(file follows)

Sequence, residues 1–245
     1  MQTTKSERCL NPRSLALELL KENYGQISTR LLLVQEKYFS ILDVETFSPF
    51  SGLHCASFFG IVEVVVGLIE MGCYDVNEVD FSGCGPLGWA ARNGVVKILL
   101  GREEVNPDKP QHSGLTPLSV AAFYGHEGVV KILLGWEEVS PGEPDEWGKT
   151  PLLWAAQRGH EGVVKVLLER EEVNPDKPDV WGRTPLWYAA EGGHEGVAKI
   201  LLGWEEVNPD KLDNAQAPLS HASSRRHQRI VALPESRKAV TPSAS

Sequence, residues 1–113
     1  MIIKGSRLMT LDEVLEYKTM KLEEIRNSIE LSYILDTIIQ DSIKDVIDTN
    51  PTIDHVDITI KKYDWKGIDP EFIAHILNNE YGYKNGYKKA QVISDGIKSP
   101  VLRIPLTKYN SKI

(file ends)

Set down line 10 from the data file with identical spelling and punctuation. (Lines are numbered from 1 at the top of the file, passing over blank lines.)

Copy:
   101  VLRIPLTKYN SKI